Ten People Taking Calls on a Single Mobile Phone

Witnessing Hu’s dire situation, Wu discussed the matter with the superintendent of St. Mary’s Hospital, who agreed to let ten farm employees transfer to Hu’s packing plant, since the farm remained closed due to the epidemic.

In order to take as many orders as possible, they put Hu’s mobile phone on the desk. When a call came in, they immediately jotted down the caller’s number and hung up to shorten the time during which the “order-taking number” remained busy. The ten employees then called the prospective buyers back from different telephones, confirming the quantity ordered and the recipient information. In this fashion, they were able to return 3,000 to 5,000 calls per day.

On day three, St. Mary’s Health Farm posted a Google form on its Facebook page to facilitate placing orders. When 6,000 boxes of custard apples were ordered within just 22 hours, they shut down the order form for fear of not being able to keep up with demand.

With ten employees using six landlines, Hu managed to sell 10,000 boxes in two weeks.

While they had worried about poor sales in early February, a new problem cropped up in mid-February. Now dealers were outbidding each other to get their hands on the custard apples.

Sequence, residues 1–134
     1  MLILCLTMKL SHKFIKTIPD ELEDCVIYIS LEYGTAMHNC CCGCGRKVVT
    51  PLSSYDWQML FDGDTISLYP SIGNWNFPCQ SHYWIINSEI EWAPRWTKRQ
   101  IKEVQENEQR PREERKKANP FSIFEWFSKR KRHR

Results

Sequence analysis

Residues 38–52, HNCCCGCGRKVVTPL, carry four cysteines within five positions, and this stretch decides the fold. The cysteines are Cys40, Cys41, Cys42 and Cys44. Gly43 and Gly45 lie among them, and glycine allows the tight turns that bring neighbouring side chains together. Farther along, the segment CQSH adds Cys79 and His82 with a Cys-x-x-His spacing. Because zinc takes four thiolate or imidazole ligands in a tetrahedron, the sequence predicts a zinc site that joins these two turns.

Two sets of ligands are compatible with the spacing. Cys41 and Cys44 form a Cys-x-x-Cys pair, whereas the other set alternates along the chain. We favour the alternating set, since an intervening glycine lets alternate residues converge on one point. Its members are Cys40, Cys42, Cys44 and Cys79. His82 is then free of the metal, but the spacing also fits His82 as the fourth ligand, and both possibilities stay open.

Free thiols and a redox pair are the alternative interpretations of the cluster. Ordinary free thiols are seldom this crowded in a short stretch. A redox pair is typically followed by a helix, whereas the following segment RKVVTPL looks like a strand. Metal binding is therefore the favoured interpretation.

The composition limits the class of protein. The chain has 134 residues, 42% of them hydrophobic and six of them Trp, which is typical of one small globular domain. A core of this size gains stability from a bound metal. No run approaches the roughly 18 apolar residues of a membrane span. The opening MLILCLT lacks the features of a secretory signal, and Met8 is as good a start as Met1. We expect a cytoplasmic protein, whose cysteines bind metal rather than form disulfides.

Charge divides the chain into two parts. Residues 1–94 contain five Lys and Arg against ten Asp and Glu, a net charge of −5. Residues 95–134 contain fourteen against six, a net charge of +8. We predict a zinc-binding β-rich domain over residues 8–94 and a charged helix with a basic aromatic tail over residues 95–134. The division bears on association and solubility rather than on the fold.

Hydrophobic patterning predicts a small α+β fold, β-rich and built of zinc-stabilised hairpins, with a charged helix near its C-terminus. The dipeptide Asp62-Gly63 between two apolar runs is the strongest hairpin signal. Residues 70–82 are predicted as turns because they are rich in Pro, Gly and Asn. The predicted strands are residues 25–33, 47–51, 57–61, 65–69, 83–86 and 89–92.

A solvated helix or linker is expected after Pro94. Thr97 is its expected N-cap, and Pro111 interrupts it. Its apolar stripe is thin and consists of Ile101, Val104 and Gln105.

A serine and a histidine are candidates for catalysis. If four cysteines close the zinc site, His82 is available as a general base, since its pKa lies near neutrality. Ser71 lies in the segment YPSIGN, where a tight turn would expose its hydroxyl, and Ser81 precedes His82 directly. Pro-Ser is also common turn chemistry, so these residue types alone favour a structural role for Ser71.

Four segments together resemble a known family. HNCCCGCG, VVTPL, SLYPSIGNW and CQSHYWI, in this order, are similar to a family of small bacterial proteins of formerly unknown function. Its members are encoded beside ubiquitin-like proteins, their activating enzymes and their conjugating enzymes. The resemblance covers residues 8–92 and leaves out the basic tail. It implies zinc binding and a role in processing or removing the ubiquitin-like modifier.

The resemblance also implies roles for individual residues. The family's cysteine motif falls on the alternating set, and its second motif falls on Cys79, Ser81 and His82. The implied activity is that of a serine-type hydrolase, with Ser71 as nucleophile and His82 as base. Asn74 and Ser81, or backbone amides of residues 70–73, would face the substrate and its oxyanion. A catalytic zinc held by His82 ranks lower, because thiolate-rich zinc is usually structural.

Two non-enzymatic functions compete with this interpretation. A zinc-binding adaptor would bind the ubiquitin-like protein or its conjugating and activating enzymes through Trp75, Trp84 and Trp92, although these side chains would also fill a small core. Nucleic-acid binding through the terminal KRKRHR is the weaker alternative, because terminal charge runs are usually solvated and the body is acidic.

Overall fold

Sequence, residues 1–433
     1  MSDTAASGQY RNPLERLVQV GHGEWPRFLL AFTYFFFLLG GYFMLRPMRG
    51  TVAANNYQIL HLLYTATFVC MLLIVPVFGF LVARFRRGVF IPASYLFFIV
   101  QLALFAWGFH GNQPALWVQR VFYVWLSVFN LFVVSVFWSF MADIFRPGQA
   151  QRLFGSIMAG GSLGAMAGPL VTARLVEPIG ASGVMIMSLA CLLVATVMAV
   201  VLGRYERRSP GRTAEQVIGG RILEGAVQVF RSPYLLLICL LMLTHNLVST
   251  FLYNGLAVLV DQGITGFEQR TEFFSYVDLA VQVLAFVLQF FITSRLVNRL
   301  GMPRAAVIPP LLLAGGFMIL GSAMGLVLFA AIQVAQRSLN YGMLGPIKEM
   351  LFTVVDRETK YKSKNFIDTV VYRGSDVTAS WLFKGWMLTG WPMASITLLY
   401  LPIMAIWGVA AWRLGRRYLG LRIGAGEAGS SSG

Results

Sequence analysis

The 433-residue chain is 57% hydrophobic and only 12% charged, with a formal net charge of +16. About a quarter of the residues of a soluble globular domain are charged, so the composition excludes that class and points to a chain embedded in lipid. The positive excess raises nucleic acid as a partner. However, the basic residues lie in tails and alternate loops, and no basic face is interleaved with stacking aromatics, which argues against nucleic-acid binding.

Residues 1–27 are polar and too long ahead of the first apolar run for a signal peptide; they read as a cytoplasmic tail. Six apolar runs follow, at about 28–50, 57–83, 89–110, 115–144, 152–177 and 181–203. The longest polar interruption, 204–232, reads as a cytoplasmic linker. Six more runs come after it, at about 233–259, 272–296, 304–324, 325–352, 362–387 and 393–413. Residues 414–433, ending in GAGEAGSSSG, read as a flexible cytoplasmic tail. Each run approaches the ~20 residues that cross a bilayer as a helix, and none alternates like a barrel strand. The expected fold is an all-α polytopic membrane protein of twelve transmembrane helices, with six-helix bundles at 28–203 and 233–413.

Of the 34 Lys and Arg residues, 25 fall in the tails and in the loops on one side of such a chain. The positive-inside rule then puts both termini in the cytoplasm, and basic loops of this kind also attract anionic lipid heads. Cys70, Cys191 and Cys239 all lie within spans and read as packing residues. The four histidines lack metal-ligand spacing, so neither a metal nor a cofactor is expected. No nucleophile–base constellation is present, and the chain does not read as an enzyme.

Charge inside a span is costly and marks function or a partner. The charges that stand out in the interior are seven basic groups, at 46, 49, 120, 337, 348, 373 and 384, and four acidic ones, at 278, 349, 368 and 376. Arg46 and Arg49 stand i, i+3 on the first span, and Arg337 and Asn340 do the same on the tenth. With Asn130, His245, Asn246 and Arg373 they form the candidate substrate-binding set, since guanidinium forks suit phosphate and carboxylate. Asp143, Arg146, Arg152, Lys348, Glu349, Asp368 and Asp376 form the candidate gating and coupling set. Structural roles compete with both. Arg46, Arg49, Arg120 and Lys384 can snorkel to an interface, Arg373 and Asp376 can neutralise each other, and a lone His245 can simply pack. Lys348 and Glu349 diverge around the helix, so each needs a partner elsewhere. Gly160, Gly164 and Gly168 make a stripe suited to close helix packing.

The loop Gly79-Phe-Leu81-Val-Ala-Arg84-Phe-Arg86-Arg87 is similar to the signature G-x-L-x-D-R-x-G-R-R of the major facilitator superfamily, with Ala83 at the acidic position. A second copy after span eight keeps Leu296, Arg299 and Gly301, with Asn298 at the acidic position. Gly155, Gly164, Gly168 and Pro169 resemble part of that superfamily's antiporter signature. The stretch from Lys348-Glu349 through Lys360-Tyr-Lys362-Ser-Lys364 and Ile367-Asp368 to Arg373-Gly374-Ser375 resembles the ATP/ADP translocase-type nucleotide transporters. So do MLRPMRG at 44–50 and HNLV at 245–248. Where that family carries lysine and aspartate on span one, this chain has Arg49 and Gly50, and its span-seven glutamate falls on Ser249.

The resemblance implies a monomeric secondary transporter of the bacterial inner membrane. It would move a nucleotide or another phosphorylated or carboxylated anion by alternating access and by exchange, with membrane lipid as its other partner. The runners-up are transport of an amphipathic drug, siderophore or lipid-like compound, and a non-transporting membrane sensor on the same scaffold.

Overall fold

The pricing originally worked like this: traders would make a price offer, and farmers would decide to whom they sell their products. Propped up by the governmental freight subsidy, the dealer purchasing price paid to the farmers had then already recovered from a low of NT$35 to NT$60 per catty.

“All these export dealers were trying to get their hands on the goods,” recalls Yang. On day 10, St. Mary’s Health Farm no longer had enough custard apples to meet demand. Although the retail price for a 10-Taiwanese-catty box of custard apples had already risen above NT$1,000, Hu still kept selling to Taiwanese consumers at a price of NT$600 per box.

Loyalty Amid the Pandemic

They turned to the county government for help. Taitung County Magistrate Yao Ching-ling dispatched staff to the county’s three major custard apple production areas - Beinan, Luye, and Taimali - to source more fruit. However, the main reason why the local farmers were all too willing to support Hu was that he had demonstrated his loyalty to the local community by helping them out at the beginning of the coronavirus outbreak.

At the beginning of the pandemic, Hu had reached out to the custard apple farmers, explaining to them his cost structure in detail – such as packaging material and freight – and told them that he was willing to shoulder the personnel costs himself. Then he still offered them a purchasing price that was NT$5 above the farm price to buy up all the fruits that could not be exported as planned, and jointly overcome the crisis.

“A lot of people were laughing at him, but some felt he was really being a loyal friend, so they were willing to support him later on,” notes Yang. She shows off her notebook, where she has written down in great detail which purchasing price each packing plant accepted for which quantity of custard apples.

This story of the Taitung custard apple farmers, the concerted 30-day effort of the county government and the private sector, shows that in the current epidemic we have a chance to overcome crisis if we selflessly work for the common good.

By Li-hsun Tsai